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Five unsuccessful professional players who became great managers

Helenio Herrera

Herrera is regarded as one of the greatest exponents of “catenaccio”, the technique that emphasises maintaining a solid shape without the ball in order to limit the opposition any room to manoeuvre and create goalscoring chances. However, there was more to Herrera than just defensive football.

In one of the great managerial evolutions, the Argentine who earned renown for free-flowing football during his time at Barcelona during the late 1950s, completely transformed his style and came to be closely associated with defensive football courtesy of his success with Inter Milan during the 1960s. Herrera didn’t have much of a career as a professional footballer as he changed clubs every year or two, but he found his calling in management.

Stefan Kovacs

The Romanian started his playing career with Timisoara before making his professional football debut with Oradea in 1937. However, he wasn’t as talented as his brother, Nicolae, and never played for the Romania national team unlike his older sibling. Stefan changed several clubs but never found much professional success.

However, he found great renown in management. He won the league title with Steaua Bucharest in 1967 and guided Ajax to back-to-back European Cup wins in 1972 and ’73, also winning the domestic league titles in both the seasons. He later played a decisive role in establishing the French football nursery, Clairforntaine.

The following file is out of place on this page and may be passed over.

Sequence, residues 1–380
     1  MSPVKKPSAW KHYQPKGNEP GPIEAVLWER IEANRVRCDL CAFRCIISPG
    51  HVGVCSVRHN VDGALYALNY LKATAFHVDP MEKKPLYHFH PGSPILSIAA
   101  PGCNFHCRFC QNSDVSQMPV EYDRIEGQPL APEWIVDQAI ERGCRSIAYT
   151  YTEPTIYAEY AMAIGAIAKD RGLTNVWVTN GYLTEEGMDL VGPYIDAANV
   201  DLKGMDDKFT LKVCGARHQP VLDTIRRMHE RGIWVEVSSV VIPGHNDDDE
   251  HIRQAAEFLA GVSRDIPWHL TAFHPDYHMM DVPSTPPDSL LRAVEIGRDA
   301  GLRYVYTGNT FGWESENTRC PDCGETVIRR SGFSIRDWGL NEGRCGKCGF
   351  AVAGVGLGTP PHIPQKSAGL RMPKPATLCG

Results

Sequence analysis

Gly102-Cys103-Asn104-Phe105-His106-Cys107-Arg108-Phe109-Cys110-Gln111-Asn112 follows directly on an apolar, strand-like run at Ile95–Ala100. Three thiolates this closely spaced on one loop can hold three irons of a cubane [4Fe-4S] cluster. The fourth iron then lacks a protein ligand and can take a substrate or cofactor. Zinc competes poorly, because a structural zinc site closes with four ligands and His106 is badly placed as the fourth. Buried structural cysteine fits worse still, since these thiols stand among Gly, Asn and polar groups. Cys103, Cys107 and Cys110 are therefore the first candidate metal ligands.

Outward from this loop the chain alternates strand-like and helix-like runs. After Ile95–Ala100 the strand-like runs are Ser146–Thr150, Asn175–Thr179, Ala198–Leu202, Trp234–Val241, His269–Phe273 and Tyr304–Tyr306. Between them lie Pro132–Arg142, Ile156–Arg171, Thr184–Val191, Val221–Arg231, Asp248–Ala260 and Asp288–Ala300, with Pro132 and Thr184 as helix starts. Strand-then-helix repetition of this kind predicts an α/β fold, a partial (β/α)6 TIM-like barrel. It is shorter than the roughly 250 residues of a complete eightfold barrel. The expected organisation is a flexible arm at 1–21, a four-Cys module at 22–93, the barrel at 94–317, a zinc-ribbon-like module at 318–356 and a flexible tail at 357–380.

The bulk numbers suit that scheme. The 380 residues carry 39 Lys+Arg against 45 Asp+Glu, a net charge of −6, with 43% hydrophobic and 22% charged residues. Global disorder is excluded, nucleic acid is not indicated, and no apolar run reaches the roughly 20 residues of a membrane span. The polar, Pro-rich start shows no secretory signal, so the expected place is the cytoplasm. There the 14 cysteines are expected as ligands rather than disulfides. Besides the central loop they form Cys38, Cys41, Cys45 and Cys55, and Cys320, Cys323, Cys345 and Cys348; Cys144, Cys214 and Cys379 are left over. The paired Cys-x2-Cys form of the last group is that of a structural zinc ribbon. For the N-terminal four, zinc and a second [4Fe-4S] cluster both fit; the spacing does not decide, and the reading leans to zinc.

Udo Lattek

Lattek was a striker in his playing days, turning out for the likes of Marienheide, Bayer Leverkusen, Wipperfurth and Osnabruck in the German league pyramid. But he was limited in his ability and never made it at the highest level.

In 1965, he became assistant manager for the West Germany national team and assisted the then national team boss Helmut Schon at the 1966 World Cup where the Germans finished runners-up. At the club level, Lattek achieved great success, winning one each of the European Cup, the UEFA Cup, the European Cup Winners’ Cup as well as eight German league titles and three German Cups.

Cesar Luis Menotti

The Argentine got his start as a professional footballer with Rosario Central before moving to Racing Club and then to one of the biggest clubs in Argentine football: Boca Juniors. But he hardly set the league alight with his playing ability.

Menotti, a man with a philosophical bent and a believer in attacking football, achieved his greatest managerial success in 1978 when he guided Argentina to their first ever World Cup.

Jurgen Klopp

The current Liverpool boss’ professional playing career is closely associated with his time at Mainz, where he played for over a decade from 1990 until his retirement from the game in 2001. Klopp was a utility player and most of his time at Mainz was spent slogging in the second division of German football.

Where his playing career had nothing spectacular, Klopp has had a successful managerial career so far. He guided Borussia Dortmund to back-to-back league titles in 2011 and ’12 as well as the 2013 Champions League final.